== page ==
Several of the Yagi antennas at Dover Heights were used to take radio observations using a special technique known as sea interferometry. In this technique, the antenna detects radio waves that come directly from a source in the sky. At the same time it detects other radio waves from the source that are reflected off the sea. The two sets of waves are combined and give an 'interference' pattern. The strength and size of the source can be measured from the intensity fluctuations recorded on the interference patterns. These were recorded on paper charts.

Diagram showing the principle of the    sea interferometer
© CSIRO (click on image to see a larger version)
This diagram illustrates the principle of the Sea Interferometer as used at Dover Heights.

Radio Waves from the Sun and Nebulae

The Sun was the first object observed with the radio telescopes at Dover Heights. Strong bursts of radio emission were received during times of sunspot activity.

© CSIRO
A chart recording obtained in 1947, showing an outburst of radio waves from the Sun at three different radio frequencies (200 MHz, 100 MHz and 60 MHz). Note the different arrival times of the signals at the Earth.

When the radio telescopes were pointed towards the sky they revealed areas of concentrated radio emission. Further investigations showed that the radio waves came from gas clouds in our Galaxy. One of the earliest detections was the radio emission from the supernova remnant known as the Crab Nebula.

Photo credit: NASA/CXC/SAO
An optical photograph of the Crab Nebula. This is the remains of a star that exploded in AD 1054. The Dover Heights observations showed that this nebula is also a strong radio source.

Radio waves from Galaxies

More than 110 sources of radio emission were discovered using the radio telescopes at Dover Heights. A wonderful and unexpected discovery was that many distant galaxies are hugely powerful sources of radio waves. We now know that in some galaxies the radio waves are generated by black holes that are hundreds of millions of times more massive than the Sun. The first extragalactic radio sources to be identified as galaxies were Virgo A, Centaurus A and Cygnus A, all millions of light-years away.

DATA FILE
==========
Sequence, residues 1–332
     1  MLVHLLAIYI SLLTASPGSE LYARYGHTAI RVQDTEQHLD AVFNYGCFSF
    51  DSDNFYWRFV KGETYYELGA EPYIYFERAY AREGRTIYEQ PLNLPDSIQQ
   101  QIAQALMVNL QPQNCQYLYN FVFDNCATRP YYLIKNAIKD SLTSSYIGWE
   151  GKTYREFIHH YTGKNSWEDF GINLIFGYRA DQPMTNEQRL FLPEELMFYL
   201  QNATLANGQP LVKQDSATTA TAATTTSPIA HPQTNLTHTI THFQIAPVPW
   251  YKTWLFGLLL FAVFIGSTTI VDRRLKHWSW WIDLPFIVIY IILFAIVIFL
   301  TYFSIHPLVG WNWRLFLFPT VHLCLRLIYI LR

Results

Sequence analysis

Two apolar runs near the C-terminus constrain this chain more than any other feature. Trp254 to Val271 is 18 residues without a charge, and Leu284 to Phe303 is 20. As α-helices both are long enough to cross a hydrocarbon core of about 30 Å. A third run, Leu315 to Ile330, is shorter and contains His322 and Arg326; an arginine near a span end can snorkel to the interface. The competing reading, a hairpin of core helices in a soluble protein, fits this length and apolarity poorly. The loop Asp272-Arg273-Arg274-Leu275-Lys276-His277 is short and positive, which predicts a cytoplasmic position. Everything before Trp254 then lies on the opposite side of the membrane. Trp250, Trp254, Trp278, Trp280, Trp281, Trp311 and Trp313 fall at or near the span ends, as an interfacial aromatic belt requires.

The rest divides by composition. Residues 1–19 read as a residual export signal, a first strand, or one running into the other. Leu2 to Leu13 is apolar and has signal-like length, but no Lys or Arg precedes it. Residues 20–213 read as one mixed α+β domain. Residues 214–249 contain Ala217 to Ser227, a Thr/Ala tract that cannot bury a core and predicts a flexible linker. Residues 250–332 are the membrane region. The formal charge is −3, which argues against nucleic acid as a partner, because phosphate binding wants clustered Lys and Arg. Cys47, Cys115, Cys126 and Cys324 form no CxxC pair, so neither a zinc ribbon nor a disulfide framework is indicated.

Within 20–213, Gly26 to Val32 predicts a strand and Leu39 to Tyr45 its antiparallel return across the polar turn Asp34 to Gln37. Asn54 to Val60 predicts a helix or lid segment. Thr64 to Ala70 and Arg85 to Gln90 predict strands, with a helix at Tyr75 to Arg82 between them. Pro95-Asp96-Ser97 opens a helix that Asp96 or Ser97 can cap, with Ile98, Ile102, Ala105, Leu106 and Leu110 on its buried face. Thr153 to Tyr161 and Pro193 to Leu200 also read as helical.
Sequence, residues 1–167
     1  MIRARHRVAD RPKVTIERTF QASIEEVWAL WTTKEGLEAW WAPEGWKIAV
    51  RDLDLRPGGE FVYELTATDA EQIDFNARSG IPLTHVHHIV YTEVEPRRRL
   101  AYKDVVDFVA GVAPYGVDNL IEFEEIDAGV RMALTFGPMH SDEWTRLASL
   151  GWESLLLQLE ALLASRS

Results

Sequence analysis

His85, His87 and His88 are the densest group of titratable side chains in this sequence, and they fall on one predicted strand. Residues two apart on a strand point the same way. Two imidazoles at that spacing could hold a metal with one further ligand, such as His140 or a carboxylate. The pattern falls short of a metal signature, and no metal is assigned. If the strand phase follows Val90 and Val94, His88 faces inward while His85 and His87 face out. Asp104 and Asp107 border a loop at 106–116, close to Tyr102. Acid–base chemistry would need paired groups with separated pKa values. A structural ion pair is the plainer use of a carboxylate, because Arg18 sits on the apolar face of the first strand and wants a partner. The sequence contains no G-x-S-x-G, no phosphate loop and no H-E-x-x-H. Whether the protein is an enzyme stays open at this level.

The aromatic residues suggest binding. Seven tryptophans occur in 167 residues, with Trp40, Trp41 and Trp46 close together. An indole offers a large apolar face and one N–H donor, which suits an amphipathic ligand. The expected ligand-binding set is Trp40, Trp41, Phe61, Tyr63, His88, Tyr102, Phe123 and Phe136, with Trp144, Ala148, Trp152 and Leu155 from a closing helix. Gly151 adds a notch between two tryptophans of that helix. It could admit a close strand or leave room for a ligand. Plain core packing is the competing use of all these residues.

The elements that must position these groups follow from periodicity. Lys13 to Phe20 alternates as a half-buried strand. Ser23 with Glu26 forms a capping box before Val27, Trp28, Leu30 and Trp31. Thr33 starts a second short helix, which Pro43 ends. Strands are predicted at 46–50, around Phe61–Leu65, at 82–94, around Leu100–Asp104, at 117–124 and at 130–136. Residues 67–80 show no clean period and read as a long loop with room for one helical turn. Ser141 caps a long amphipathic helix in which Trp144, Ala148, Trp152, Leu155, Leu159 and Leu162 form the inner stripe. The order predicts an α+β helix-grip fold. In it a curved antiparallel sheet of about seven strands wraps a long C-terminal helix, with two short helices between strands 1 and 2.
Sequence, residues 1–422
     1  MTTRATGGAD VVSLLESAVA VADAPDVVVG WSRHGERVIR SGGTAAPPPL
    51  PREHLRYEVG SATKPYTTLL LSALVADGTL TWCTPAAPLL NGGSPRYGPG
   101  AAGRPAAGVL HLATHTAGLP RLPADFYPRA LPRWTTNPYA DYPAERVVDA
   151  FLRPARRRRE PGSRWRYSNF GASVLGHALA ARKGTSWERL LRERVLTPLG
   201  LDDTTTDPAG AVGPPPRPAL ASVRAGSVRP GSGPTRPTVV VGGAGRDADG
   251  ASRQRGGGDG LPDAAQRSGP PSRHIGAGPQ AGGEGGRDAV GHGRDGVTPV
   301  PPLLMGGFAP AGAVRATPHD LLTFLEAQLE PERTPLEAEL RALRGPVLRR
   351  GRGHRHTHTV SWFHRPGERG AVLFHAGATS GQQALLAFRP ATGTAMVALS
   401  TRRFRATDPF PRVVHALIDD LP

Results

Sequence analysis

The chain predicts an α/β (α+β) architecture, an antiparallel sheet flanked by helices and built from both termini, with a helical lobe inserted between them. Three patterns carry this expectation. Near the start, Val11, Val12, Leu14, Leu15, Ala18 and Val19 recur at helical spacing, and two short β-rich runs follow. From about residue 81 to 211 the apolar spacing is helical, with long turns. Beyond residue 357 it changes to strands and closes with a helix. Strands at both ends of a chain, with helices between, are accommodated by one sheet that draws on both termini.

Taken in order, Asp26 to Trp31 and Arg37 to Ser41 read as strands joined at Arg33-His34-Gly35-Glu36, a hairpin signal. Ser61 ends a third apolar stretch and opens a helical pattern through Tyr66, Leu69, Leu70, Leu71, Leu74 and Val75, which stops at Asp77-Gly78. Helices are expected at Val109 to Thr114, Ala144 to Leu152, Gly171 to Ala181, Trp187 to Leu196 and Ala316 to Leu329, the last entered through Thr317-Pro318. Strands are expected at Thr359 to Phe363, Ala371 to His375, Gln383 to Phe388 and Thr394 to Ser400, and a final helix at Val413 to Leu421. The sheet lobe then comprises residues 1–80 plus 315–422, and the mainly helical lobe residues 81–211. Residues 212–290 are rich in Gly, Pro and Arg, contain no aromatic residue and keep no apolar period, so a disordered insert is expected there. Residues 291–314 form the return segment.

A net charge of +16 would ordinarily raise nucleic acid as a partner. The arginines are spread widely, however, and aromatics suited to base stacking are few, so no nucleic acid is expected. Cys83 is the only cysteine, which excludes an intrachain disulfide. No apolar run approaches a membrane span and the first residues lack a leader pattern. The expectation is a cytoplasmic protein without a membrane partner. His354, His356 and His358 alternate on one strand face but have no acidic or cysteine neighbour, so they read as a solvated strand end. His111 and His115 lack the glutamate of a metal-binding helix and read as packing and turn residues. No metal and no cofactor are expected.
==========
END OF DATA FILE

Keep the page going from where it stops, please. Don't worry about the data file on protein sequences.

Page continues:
© CSIRO (click on image to see a larger version)
This photograph shows a sea interferometer chart recording of the strong extragalactic radio source, Cygnus A. This was observed at Dover Heights on 22 October 1948 using a four-element Yagi antenna operating at 200 MHz. From the interference fringes it was possible to calculate that the angular size of Cygnus A was less than eight arcminutes. Cygnus A was the first compact extragalactic radio source to be detected at Dover Heights. The observations had a huge impact on radio astronomy. The interference fringes from Cyg A seen here show unusual intensity fluctuations.

What is a radio galaxy?

Galaxies contain billions and billions of stars just like our sun. At night we can see the galaxy that we live in stretching across the sky - we call it the Milky Way. Many galaxies contain massive black holes at their centres, sometimes weighing billions of times more than our sun.

In some galaxies these black holes are sucking in the material around them, spinning it up fast and then squirting it away from the black hole at close to light speed, as a jet. These jets produce radio waves that radio telescopes like the one that was operating at Dover Heights can detect - galaxies such as these are called radio galaxies.

Images of the radio galaxie Centaurus A
Image credit: Steven Tingay
This picture is a montage using images from various sources, and shows one of the very first radio galaxies to be identified, right here at Dover Heights, a radio galaxy called Centaurus A (the name means that it is the brightest radio source in the constellation of Centaurus, the half man and half horse creature of Greek mythology).

On the left hand side is a complete image of the radio emission from the Centaurus A radio galaxy (made by the "Dish" at Parkes). The other images in the picture, moving from left to right, zoom in closer and closer to the black hole that lies at the centre of the radio galaxy. In the last images you can see the jet of material being produced from near the black hole.

The Hole-in-the-Ground Antenna

In 1951, the leading radio astronomers at Dover Heights, John Bolton, Gordon Stanley and Bruce Slee, wanted a more powerful instrument than the 12-Yagi array, but the CSIRO Division of Radiophysics could not supply the necessary funding. They therefore decided to build a new radio telescope themselves, using a novel design. With considerable ingenuity, they spent their lunchtimes, over a three-month period excavating a 21.9-m diameter dish-shaped hole in the sand a little to the north-west of the block house. The surface was consolidated with ash, metal strips from packing cases were laid across the surface to provide reflectivity, and a mast with a dipole was erected at the centre of the antenna in order to receive the reflected radio signals. This instrument was the second-largest radio telescope in the world at the time, and by using the rotation of the Earth and altering the positioning of the aerial mast it was possible to observe different regions of the sky.